As we, here in the US, move into late fall and toward the holidays, thoughts of home filled with guests become more frequent—inciting both joy and fear. Yet there’s a part in many of us, when we can look past the cleaning enough, having enough, offering enough, that feels most content with a full home. Doug is certainly one of those people, and that might have something to do with his roots. Since the early 1800’s, and for four generations, Doug’s family has lived in Pinebush, NY. He grew up hunting, fishing and surrounded by family, so it makes sense that he would carry the tradition of a full house forth.
Back in 1991, many of Doug’s friends were laid off from their construction jobs. Doug was the only one with a house of his own, so his single friends began stopping by everyday. Doug would grill for his buddies, and they’d kick back and drink beers. After a while, Doug noticed the guys would hang out just until the beer was gone, and then they’d head home and leave Doug with an empty fridge and taxed wallet. Finally, in 2001, a friend asked Doug for some help and paid him with what’s now known as the “happy locker.” Over 55,000 cans of beer later, the old soda machine has taken care of Doug’s troubles; everyone pays $1 per beer, and when it’s empty, Doug refills it. His friend stick around longer these days as well.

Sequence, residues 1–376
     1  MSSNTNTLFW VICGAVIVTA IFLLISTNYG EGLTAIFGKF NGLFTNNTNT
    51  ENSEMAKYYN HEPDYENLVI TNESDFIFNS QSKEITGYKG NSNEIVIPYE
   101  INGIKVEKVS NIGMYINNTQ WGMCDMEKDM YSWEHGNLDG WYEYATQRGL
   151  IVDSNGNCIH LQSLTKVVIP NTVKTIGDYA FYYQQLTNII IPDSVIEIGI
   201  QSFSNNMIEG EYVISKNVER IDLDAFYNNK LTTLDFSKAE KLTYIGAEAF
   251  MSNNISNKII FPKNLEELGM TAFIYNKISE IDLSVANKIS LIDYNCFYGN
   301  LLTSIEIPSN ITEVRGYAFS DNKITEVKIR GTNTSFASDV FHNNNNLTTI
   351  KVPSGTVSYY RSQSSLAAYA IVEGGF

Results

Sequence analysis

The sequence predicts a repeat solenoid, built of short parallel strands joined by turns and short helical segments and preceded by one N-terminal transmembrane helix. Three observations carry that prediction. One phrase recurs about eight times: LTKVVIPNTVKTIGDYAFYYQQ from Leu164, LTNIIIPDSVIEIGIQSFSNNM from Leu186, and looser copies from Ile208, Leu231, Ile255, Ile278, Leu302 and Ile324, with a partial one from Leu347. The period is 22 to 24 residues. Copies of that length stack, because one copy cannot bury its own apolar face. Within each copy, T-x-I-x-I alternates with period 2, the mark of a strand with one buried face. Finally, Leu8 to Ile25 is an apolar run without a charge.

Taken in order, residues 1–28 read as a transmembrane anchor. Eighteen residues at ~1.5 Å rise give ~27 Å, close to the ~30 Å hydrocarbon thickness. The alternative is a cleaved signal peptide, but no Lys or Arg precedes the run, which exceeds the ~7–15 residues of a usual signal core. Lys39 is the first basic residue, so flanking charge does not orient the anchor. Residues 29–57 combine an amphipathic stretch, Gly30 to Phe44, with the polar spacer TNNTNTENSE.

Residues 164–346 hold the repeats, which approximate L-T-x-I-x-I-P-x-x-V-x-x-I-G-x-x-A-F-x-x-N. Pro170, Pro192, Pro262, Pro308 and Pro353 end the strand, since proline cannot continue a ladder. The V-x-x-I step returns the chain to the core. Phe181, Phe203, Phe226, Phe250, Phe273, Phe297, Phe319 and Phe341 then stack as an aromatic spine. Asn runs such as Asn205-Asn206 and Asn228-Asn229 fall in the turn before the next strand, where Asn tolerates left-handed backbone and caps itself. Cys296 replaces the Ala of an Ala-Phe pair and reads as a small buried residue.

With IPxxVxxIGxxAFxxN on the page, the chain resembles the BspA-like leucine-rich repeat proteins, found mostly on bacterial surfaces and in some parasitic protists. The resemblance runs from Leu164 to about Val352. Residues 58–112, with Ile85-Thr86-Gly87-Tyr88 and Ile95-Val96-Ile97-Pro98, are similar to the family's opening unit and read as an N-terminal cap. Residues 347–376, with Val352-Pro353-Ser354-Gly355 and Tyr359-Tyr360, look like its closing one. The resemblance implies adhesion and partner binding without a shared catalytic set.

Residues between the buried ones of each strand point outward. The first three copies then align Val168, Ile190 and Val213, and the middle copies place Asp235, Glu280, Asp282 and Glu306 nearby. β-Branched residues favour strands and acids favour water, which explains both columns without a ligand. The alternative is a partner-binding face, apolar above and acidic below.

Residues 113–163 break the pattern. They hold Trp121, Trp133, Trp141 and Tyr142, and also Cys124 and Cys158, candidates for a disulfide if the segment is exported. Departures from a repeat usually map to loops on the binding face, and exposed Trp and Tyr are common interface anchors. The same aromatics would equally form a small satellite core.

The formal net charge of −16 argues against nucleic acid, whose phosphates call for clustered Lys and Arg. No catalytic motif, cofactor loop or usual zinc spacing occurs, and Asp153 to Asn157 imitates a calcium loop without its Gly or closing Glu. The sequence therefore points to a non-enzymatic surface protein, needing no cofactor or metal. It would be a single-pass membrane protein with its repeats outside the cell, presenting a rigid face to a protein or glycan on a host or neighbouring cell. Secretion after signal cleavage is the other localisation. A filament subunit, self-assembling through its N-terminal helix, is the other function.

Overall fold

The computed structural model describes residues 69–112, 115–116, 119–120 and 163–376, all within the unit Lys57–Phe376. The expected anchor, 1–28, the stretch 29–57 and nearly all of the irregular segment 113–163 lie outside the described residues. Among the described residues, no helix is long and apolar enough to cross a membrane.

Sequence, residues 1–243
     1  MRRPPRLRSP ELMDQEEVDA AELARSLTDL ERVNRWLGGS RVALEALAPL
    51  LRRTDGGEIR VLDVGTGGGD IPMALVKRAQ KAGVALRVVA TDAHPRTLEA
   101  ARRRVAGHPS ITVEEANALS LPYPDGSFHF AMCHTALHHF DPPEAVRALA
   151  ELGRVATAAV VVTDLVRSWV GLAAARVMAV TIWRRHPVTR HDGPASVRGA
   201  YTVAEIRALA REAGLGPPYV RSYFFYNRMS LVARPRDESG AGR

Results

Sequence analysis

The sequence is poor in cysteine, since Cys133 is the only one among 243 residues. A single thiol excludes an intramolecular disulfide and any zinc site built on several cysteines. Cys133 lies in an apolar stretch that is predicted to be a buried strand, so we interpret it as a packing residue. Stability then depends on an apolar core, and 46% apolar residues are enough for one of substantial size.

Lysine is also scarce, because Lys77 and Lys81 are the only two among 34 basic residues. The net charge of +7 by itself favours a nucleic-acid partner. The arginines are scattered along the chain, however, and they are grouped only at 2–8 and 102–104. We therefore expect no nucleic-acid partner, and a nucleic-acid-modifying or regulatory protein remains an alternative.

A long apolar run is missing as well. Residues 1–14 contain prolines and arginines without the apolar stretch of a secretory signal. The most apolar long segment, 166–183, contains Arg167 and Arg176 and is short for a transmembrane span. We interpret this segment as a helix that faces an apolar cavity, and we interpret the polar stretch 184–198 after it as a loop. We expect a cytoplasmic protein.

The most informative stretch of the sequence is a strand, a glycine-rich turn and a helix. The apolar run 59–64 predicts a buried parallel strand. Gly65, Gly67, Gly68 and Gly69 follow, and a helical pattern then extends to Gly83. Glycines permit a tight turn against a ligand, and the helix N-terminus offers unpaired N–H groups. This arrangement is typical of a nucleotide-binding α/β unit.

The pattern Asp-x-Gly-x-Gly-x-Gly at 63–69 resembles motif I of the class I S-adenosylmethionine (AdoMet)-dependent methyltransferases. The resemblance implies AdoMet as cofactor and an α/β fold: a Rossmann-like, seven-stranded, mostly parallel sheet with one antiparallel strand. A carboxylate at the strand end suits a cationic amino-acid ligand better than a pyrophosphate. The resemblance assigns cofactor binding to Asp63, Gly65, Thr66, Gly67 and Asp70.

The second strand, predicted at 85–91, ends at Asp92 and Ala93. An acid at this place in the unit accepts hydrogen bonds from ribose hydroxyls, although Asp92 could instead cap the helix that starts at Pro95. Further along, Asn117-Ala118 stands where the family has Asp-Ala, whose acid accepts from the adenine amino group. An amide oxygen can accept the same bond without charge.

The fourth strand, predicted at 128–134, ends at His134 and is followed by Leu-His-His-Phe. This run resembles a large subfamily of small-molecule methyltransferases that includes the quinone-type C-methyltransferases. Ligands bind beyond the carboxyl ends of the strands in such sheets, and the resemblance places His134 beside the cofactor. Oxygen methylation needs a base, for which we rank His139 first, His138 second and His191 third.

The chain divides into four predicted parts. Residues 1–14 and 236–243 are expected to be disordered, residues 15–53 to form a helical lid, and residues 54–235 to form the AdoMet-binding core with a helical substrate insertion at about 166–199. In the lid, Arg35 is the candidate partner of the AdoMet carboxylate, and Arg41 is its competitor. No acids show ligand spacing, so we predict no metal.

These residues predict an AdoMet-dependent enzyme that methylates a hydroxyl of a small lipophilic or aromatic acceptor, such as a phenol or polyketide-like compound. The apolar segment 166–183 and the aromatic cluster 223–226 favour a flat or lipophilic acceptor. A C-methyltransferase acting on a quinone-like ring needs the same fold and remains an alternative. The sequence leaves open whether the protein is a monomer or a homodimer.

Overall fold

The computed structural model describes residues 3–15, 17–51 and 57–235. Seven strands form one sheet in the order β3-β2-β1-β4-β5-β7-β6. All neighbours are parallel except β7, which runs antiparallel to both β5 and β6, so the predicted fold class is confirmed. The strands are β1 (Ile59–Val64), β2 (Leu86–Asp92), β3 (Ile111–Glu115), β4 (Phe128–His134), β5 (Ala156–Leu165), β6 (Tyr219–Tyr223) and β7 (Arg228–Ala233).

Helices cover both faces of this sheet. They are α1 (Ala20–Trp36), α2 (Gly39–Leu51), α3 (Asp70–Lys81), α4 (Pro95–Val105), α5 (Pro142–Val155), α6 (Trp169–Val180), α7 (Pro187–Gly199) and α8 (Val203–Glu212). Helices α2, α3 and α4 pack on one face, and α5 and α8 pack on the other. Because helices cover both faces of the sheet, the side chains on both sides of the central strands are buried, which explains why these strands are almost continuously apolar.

Today, the happy locker sits in the garage Doug and his friends built after Doug’s old barn burnt down. Because he’d cultivated such a strong community and knew how to engage it, he offered a steak and lobster home cooked meal to anyone who helped with the rebuild. They finished the job in two days.
Aside from the happy locker and his willingness to help a friend in need, theres’s another piece that makes Doug the community hub: he’s a master of meat. Back in the 70’s, after their annual deer hunts, his uncle taught him to butcher deer. If you’re in the know, you realize the leverage a skill like butchering can bring. Instead of paying $120 per deer, Doug butchers his friends’ deer for free. Doug’s uncle also taught him how to make sausage from the butchered deer. These days, he doesn’t just make sausage, Doug smokes and brines like a pro. He learned both from trial and error and has created rituals along the way. He sprays each smoker rack with nonstick spray in order to keep it clean. He also insists guests take a swig of wine as he lays meat inside the smoker; if they don’t he insists the meat won’t come out right.
As fall days shorten into winter, you can find Doug and his buddies hanging out for their evening happy hour; gobbling up sausage, corned beef or ribs at their weekly feast; or taking it to the limit at their annual game party where guests bring the game they’ve hunted and the fish they’ve caught over the last year. Then, then they grind, brine or smoke it. You can be sure the happy locker works overtime; you can also be sure Doug and his guests settle into well-worn chairs and share stories they’ve told many times before. Roots run deep in this community, and Doug anchors it with his open door and heated grill.